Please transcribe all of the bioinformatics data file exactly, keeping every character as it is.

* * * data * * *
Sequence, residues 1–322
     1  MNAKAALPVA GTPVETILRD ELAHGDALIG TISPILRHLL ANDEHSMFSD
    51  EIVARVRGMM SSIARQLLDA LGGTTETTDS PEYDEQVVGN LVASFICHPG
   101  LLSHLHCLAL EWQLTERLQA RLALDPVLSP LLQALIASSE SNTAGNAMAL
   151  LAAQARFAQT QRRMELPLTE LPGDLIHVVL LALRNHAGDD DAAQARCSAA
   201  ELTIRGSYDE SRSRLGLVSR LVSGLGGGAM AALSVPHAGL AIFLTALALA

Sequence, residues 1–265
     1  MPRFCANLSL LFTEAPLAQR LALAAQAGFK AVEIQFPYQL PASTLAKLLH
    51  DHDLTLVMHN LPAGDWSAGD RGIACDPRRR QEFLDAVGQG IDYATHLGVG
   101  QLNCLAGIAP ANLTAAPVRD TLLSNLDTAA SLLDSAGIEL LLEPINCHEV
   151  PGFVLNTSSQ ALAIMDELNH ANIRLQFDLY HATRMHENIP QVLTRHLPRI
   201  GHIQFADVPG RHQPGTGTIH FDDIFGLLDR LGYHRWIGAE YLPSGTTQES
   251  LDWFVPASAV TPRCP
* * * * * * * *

Sequence, residues 1–322
     1  MNAKAALPVA GTPVETILRD ELAHGDALIG TISPILRHLL ANDEHSMFSD
    51  EIVARVRGMM SSIARQLLDA LGGTTETTDS PEYDEQVVGN LVASFICHPG
   101  LLSHLHCLAL EWQLTERLQA RLALDPVLSP LLQALIASSE SNTAGNAMAL
   151  LAAQARFAQT QRRMELPLTE LPGDLIHVVL LALRNHAGDD DAAQARCSAA
   201  ELTIRGSYDE SRSRLGLVSR LVSGLGGGAM AALSVPHAGL AIFLTALALA

Sequence, residues 1–265
     1  MPRFCANLSL LFTEAPLAQR LALAAQAGFK AVEIQFPYQL PASTLAKLLH
    51  DHDLTLVMHN LPAGDWSAGD RGIACDPRRR QEFLDAVGQG IDYATHLGVG
   101  QLNCLAGIAP ANLTAAPVRD TLLSNLDTAA SLLDSAGIEL LLEPINCHEV
   151  PGFVLNTSSQ ALAIMDELNH ANIRLQFDLY HATRMHENIP QVLTRHLPRI
   201  GHIQFADVPG RHQPGTGTIH FDDIFGLLDR LGYHRWIGAE YLPSGTTQES
   251  LDWFVPASAV TPRCP